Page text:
|By Sanne Specht, Mail Tribune, Medford, Ore.|
|McClatchy-Tribune Information Services|
Bruland serves on the Governor's
He has been a delegate to the
His colleagues say Bruland's life's work has been to promote the dignity, quality of life and self-determination of seniors and people with disabilities.
"Don is a modest man," Varble said. "But the programs he has administered and championed (through RVCOG) have been literally life-changing for thousands of individuals in our community."
Bruland landed at
Bruland began as a department of one, himself. Over the decades, his work grew into an organization that includes 149 staff, nearly 400 volunteers and directs programs in
Bruland's legacy includes participation in the creation and expansion of cutting-edge programs such as Oregon Project Independence and Living Well, which enable people to live independently.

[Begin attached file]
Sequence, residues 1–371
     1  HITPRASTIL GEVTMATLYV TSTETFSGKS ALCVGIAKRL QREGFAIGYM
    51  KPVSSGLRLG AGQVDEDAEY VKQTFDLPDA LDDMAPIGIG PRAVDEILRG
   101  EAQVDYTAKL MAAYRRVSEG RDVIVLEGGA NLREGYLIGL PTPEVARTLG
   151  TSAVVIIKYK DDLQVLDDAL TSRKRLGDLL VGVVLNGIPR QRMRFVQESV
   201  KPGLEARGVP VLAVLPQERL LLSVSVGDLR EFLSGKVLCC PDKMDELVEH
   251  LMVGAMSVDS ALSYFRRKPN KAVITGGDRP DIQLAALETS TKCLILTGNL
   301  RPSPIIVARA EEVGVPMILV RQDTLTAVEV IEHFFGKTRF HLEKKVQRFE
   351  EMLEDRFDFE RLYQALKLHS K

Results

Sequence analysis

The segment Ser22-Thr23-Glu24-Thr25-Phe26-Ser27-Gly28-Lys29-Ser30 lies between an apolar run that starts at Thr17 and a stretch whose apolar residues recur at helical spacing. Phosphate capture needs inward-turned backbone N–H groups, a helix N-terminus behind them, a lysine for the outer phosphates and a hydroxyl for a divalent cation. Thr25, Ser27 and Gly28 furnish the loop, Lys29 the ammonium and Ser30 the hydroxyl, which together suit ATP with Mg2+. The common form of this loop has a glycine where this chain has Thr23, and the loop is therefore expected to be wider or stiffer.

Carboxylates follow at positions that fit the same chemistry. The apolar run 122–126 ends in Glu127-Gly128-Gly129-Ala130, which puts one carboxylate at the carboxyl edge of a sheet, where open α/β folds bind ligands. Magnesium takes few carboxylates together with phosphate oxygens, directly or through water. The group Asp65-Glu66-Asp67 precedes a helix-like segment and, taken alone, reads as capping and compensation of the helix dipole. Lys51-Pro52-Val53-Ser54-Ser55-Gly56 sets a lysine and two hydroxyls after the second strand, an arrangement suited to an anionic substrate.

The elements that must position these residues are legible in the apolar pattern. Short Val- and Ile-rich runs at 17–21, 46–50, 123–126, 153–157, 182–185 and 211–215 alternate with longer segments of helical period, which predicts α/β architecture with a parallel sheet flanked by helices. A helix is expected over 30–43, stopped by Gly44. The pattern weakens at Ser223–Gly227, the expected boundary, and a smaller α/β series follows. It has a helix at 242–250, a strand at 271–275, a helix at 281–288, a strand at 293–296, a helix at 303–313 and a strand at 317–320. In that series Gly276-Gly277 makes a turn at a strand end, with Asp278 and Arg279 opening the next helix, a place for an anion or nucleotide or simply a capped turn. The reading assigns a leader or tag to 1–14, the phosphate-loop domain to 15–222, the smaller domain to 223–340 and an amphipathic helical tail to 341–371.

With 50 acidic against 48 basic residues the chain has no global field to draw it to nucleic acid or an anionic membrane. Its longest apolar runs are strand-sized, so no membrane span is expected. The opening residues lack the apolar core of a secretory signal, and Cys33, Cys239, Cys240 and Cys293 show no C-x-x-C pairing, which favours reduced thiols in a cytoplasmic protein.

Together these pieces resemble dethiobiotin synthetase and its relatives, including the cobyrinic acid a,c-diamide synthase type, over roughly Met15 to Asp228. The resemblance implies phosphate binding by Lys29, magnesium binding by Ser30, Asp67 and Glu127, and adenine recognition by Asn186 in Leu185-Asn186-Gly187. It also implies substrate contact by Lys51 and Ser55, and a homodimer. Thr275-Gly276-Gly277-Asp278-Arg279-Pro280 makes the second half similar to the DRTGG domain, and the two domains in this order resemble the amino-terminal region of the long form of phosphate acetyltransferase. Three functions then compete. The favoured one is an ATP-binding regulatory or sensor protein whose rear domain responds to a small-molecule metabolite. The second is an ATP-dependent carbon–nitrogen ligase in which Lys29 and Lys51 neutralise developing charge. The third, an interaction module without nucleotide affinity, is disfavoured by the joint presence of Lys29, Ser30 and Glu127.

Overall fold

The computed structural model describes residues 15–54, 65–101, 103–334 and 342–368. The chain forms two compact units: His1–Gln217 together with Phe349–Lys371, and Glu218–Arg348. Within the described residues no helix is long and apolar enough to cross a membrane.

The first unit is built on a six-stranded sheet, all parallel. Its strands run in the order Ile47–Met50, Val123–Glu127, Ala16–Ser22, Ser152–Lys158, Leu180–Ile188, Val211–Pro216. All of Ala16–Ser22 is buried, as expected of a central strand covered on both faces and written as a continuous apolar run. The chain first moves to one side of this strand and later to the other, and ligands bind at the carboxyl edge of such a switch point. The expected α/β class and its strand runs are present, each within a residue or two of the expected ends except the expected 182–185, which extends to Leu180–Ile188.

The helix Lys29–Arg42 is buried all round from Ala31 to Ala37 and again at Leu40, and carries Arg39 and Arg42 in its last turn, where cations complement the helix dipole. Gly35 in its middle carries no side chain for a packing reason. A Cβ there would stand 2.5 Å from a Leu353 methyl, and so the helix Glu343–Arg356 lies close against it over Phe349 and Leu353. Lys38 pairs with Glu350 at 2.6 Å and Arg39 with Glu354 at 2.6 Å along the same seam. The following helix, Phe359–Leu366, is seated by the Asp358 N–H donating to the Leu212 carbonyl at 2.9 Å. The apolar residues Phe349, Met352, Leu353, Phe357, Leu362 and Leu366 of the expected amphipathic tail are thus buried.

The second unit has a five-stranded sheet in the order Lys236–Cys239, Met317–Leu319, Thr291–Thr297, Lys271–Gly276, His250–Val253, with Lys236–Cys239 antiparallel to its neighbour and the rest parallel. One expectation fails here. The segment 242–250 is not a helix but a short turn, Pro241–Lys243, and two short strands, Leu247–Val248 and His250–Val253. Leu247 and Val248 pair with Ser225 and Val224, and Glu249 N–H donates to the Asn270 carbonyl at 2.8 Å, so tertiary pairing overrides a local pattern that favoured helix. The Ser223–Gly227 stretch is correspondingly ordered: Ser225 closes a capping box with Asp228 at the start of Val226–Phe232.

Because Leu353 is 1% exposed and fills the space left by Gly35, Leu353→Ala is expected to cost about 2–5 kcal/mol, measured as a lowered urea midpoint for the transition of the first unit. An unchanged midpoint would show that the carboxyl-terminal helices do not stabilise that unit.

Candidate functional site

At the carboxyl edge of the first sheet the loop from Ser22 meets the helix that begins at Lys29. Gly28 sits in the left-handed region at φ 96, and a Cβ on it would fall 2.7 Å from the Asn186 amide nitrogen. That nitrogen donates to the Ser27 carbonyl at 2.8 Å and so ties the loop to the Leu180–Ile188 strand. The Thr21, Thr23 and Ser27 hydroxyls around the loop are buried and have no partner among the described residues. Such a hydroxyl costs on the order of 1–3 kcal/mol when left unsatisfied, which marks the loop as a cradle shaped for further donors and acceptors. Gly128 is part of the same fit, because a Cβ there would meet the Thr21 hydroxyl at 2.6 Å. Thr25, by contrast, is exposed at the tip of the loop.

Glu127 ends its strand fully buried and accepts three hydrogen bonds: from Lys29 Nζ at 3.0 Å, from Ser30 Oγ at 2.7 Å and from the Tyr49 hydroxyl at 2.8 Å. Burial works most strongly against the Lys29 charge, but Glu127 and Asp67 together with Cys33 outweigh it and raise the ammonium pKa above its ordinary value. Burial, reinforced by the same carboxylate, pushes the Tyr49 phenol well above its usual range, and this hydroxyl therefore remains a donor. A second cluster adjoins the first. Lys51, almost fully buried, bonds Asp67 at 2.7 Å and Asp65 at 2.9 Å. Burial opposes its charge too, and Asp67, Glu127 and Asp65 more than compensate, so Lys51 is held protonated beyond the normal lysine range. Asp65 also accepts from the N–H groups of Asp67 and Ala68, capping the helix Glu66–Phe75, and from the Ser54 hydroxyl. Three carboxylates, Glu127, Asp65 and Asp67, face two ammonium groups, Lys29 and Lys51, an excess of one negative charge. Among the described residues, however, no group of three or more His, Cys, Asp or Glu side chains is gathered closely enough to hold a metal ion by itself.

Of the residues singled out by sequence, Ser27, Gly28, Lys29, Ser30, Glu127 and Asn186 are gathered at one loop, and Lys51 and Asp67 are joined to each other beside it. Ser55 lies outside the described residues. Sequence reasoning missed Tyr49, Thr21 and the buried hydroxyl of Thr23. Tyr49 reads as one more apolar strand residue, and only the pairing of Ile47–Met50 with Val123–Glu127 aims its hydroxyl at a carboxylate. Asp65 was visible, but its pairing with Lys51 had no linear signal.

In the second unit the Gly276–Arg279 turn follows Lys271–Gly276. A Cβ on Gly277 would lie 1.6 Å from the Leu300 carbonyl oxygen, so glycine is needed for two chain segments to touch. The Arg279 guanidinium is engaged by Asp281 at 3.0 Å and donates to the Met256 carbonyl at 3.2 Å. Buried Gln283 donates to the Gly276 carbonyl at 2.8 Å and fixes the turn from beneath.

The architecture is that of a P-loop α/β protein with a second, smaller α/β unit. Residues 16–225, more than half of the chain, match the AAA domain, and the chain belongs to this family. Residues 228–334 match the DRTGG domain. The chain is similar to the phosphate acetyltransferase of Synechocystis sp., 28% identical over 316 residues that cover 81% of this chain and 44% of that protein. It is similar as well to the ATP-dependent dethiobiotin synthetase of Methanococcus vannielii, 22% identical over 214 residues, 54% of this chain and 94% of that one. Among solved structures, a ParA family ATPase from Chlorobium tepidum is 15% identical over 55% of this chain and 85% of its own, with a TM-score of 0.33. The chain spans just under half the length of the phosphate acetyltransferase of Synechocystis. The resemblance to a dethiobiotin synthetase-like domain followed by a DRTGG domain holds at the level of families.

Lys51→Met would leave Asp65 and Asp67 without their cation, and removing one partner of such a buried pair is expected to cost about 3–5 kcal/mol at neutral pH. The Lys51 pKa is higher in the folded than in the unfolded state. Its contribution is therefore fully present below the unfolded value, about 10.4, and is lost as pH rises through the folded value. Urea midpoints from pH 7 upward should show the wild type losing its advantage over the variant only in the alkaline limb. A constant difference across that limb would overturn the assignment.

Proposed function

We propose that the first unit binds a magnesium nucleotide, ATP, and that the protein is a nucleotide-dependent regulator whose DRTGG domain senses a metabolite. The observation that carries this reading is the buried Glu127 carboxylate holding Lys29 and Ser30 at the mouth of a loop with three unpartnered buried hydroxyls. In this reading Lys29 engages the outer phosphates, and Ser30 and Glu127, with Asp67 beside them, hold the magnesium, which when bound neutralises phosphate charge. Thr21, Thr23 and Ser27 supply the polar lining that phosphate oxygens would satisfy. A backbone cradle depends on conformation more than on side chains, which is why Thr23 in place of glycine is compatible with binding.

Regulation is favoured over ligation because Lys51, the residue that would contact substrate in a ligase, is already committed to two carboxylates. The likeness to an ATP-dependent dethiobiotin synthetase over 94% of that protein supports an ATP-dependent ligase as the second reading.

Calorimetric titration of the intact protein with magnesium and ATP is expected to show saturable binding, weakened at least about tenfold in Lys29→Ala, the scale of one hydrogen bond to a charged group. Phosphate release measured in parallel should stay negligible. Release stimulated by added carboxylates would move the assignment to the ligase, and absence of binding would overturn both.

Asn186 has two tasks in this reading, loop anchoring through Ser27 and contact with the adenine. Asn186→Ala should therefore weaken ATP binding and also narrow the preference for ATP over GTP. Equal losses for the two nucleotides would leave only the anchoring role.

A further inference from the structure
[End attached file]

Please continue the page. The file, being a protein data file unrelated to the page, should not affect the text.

"Most of us want to live in our own home as long as possible," Bruland said. "That choice is important."
He was a "tremendous advocate," Buckley said. "He has made people's lives better. He has made the state better. It's a great legacy."
"His vision has inspired the present form of long-term care in
"Now I'll be looking at the other end of the spectrum," Toller said, adding he and Bruland have worked together for the past month or so.
"Don is an expert in the
Bruland plans to continue advocating for seniors and the disabled when he's not busy being a "bi-coastal grandparent" and a
"I will still be involved in our community," Bruland said. "I will continue my advocacy work with the individuals and causes that I believe in. That's who I am. That's not just my job."
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